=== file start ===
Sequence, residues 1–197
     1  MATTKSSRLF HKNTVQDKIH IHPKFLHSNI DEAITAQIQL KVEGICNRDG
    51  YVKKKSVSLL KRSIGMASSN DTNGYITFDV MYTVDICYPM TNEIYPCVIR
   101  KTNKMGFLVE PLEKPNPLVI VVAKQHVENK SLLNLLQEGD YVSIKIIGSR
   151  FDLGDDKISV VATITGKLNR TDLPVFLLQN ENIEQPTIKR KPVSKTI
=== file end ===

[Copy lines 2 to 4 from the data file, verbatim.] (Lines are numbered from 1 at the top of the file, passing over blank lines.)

     1  MATTKSSRLF HKNTVQDKIH IHPKFLHSNI DEAITAQIQL KVEGICNRDG
    51  YVKKKSVSLL KRSIGMASSN DTNGYITFDV MYTVDICYPM TNEIYPCVIR
   101  KTNKMGFLVE PLEKPNPLVI VVAKQHVENK SLLNLLQEGD YVSIKIIGSR